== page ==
If what you say is true, why don't all doctors who are providing ESWT just stick to the reality of this study and the 90% figure as it is actually stated.
I haven't look at Dr. Z's site, but if he or any doctor in their advertising misquotes isn't this being dishonest with the public?
I thought doctors police each other. If you find figures being misquoted by other doctors do you ask them to stop or change their advertising statements concerning ESWT and the 90% cure rate or just let it slide?
Re: ESWTDr. David S. Wander on 3/04/05 at 19:19 (170475)
It is difficult for me to explain why other doctors say or do things that I may not agree with. I may be naive, but I truly believe that many doctors quote the '90+%' number based on erroneous information they have seen or heard, without every actually reading the studies, therefore they are simply repeating inaccurate information.
As I previously stated I personally know Dr. Z and have never found him to attempt to mislead anyone regarding ESWT.
Although it sounds ideal, I simply don't have the time to 'police' every claim made by doctors that I don't agree with. As a past president of the Philadelphia County Podiatric Medical Society, I was involved with policing obvious false claims such as doctors advertising 'board certification' from unapproved boards, making inaccurate statements about procedures that don't exist (such as 'laser' bunion surgery which does not exist), etc. Unfortunately, every profession has it's bad apples that will attempt to mislead the public for financial gain. That it why it is important to be an educated consumer, do your homework and ask your doctor the right questions.
As stated twice before, I don't think it's Dr. Z's intention to mislead anyone and know that although he does a lot of ESWT he has strict criteria prior to scheduling a patient for ESWT. If you have a question regarding any statistics on his website, the best person to ask would be Dr. Z himself. I'm sure he'll give you a straight-forward answer.
Re: ESWTRalph on 3/05/05 at 10:03 (170502)
I saw Dr.Z's ESWT group website for the first time today. There sure are a lot of participating doctors in your group Dr.Z. and your site looks nice. Your members appear to be concentrated in Eastern States. Is this also the case for United's Group or are their members in different parts of the U.S.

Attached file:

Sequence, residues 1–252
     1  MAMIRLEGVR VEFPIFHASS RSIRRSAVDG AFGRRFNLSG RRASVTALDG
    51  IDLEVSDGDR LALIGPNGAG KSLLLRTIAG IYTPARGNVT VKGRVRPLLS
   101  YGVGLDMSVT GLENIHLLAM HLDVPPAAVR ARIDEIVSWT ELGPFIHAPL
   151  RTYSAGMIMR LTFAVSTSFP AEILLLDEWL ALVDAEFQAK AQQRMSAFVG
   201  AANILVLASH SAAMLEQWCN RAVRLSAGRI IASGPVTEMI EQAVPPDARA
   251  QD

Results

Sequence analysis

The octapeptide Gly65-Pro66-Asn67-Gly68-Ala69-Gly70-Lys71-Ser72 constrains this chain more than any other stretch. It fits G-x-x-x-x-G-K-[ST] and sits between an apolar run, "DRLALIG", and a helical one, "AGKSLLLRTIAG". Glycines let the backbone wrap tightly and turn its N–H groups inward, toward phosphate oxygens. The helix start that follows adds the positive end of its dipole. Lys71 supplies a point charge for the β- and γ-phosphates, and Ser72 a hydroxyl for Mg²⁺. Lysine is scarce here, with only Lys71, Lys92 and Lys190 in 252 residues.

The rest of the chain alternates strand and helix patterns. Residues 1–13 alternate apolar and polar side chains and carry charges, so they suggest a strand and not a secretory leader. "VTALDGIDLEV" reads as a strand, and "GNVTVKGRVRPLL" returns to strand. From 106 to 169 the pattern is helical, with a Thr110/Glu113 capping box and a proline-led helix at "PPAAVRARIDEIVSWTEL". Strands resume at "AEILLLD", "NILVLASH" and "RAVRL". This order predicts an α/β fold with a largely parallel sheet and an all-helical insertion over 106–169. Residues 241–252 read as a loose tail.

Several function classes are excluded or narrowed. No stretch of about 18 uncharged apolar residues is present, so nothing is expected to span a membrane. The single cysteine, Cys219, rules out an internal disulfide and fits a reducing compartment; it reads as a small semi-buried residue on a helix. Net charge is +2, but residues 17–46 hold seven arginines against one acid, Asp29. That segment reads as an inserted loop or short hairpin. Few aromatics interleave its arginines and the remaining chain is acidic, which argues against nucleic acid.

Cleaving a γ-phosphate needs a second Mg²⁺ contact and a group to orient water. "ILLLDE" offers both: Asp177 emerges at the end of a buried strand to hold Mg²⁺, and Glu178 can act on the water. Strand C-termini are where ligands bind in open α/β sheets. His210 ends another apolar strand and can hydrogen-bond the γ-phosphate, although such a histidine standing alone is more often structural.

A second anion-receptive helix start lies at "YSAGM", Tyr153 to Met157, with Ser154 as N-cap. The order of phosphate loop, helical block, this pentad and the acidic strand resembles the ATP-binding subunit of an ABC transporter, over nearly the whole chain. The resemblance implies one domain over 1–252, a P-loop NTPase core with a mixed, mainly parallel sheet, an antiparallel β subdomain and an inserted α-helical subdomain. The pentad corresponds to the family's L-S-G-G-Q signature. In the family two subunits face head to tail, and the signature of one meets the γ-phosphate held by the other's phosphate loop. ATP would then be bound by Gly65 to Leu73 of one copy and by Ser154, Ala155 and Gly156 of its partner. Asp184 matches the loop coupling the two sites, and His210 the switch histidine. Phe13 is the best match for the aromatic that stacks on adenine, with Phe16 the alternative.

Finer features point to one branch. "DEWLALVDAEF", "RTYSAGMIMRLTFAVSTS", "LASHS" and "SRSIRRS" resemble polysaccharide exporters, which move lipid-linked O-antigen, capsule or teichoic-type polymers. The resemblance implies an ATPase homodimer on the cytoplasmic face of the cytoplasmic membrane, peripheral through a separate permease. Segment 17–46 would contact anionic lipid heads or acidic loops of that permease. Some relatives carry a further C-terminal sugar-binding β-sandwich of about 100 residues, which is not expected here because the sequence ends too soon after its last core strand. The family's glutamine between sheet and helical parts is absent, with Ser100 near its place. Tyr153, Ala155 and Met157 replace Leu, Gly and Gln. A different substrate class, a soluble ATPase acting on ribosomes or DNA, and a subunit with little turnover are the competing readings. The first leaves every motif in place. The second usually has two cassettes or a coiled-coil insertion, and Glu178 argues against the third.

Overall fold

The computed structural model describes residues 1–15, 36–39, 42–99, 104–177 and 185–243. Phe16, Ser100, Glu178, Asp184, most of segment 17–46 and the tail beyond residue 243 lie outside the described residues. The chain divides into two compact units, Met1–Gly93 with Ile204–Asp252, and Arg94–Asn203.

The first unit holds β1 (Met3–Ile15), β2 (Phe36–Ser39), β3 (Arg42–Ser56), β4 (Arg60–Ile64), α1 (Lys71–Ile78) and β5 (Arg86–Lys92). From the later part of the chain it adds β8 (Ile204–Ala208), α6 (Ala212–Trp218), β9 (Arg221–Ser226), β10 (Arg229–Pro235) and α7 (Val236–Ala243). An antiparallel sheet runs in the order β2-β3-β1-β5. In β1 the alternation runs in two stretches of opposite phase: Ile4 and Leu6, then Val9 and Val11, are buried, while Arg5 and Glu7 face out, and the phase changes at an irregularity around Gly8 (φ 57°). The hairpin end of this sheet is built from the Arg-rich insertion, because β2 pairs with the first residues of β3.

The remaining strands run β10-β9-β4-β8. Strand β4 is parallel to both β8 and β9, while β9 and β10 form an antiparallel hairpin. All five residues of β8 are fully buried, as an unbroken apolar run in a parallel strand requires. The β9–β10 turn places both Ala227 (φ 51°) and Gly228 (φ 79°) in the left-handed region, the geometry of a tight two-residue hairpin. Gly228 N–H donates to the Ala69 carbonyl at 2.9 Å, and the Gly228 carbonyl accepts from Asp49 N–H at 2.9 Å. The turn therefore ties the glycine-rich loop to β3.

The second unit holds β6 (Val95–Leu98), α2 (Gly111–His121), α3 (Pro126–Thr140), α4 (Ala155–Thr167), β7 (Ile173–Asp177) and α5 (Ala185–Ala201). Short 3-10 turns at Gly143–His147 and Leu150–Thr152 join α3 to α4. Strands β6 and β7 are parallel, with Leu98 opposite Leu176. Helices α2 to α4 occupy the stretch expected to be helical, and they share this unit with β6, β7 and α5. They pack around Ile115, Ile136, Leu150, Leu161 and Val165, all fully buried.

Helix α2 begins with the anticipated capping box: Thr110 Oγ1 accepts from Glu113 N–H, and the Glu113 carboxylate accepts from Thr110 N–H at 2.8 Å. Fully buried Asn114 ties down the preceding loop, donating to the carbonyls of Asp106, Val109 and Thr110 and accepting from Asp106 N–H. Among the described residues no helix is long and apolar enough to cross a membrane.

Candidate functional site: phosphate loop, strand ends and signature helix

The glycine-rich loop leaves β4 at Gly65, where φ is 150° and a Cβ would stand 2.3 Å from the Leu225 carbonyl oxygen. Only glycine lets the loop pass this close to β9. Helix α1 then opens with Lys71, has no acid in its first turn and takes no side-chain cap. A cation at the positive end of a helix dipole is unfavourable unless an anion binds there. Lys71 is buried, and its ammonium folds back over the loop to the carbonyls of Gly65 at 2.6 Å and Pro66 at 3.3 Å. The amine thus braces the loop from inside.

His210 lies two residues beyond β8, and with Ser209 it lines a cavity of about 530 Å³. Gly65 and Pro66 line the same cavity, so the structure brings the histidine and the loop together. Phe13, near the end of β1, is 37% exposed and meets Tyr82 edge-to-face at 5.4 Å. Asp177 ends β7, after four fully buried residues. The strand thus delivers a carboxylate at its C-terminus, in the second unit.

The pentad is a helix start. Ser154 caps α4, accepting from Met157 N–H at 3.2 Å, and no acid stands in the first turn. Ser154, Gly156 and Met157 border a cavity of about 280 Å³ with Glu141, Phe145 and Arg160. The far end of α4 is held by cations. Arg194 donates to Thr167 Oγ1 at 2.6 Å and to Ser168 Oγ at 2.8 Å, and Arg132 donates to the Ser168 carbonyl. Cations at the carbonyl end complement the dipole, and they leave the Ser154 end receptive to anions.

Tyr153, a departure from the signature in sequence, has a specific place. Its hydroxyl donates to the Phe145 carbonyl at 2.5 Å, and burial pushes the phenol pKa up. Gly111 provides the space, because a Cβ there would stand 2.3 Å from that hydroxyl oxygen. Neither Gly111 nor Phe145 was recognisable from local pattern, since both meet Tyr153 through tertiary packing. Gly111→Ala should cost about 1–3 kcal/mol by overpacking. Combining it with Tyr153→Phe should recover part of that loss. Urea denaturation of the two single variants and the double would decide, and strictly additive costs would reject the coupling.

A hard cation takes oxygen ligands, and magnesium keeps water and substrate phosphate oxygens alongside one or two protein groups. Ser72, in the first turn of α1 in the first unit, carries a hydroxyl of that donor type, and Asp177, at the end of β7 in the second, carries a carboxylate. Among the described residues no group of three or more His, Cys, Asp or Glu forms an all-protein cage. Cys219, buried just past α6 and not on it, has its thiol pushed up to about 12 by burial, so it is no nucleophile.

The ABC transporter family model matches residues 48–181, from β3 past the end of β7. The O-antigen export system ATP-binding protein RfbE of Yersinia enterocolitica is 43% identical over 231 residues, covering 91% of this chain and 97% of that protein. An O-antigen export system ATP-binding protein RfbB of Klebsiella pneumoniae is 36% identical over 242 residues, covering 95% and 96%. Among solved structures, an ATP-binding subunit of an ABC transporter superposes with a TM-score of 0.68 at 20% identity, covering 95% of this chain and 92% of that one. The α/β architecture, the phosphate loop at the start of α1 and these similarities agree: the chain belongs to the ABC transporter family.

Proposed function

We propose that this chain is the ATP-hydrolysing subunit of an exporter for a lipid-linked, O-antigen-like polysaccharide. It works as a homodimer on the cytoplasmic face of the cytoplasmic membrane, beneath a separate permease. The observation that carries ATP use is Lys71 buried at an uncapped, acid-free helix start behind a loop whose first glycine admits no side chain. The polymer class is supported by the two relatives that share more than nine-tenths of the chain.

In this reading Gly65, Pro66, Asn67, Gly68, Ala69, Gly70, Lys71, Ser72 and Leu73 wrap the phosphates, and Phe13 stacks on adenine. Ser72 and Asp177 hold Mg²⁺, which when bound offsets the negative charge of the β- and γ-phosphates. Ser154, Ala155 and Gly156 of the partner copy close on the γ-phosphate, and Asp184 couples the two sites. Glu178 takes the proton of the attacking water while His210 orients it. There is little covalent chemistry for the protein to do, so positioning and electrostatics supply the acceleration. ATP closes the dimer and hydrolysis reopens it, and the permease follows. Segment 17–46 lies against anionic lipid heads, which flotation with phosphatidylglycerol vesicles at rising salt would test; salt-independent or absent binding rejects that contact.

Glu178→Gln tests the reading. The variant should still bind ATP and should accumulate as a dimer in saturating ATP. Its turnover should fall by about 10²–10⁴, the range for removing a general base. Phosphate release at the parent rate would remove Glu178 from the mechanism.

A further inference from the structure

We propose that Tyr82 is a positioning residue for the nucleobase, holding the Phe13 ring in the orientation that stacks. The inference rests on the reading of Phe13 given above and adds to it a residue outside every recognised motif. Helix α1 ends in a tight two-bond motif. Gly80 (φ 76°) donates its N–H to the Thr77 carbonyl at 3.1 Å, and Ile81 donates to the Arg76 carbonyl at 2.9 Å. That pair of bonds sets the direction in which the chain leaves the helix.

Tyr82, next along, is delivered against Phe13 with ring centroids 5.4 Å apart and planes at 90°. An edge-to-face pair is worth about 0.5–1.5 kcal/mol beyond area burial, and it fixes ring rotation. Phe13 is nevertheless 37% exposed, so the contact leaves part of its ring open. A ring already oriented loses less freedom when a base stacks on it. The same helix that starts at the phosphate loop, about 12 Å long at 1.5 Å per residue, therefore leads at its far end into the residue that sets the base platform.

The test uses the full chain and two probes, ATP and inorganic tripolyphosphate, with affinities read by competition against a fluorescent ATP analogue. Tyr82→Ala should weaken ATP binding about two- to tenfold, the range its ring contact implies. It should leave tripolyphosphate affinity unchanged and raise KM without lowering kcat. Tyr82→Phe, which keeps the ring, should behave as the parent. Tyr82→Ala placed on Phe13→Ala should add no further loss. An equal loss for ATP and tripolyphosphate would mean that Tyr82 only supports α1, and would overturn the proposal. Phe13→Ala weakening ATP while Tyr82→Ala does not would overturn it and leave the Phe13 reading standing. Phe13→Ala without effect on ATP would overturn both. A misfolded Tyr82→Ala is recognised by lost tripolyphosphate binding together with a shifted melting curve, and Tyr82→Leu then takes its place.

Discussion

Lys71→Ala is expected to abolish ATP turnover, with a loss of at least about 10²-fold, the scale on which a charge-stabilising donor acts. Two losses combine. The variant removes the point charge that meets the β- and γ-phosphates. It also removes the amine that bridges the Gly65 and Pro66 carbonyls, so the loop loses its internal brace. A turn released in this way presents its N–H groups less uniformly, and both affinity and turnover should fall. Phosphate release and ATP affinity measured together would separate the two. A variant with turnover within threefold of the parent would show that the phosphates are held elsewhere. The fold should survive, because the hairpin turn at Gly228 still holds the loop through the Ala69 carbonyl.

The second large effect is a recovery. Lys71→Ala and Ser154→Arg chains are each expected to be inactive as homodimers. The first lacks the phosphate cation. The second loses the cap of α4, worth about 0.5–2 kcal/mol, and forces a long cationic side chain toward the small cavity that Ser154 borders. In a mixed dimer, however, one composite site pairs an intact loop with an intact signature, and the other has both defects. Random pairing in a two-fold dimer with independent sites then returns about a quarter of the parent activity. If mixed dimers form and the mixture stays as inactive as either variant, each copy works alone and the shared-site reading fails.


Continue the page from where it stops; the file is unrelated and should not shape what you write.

I have to admit after reading some of the posts about United and your group I thought of the God Father movie thats why I wondered if both of you service the same areas.
In light of what Dr. Wander has explained about the 90%+ figure what does
the 94% good to excellent represent on your website?
Re: ESWTDr. David S. Wander on 3/05/05 at 12:37 (170509)
The website you're referring to is not 'my' website. The website belongs to Excellence Shock Wave Therapy. If you have a question regarding any comments on their site, you should email them and I'm sure they will answer your questions. I am a provider that uses the equipment supplied by Excellence Shock Wave Therapy and receive referrals from them for patients in my geographic area that are interested in ESWT. I have no ownership of the company.
Re: ESWTRalph on 3/06/05 at 08:22 (170560)
I thought I had read that Dr. Z owned the Excellence Shock Wave Therapy Group so my post was really directed to him. Maybe he will respond although he has been absent from the board lately.
Re: ESWTDR. Z on 3/06/05 at 10:11 (170563)
I am on vacation but just took a look at this post today. The 94% figure is from the people that were followed up from the one year after the ending of the FDA study. This is a Roles Maudsey scoring. The 92% is the Average VAS reporting one year after the FDA study started. The FDA study stopped at 12 weeks. All of these numbers are from printed literture from respected journal ( Foot and Ankle International)
Re: ESWTRalph on 3/06/05 at 11:46 (170569)
I don't know anything about Roles Maudsey scoring or VAS so I'm afraid I'm still in the dark. A more simple answer would do it for me. Does the 94% figure and the 92% that Dr. Wander explained come from the same study?
Re: ESWTDr. Z on 3/07/05 at 21:54 (170667)
It comes from the study published by Dr. Zingas and group.It was published in Foot and Ankle International. It is the Dornier Epos FDA study and a follow up of patients after the 12 week unblinding. I am sure you can find it online.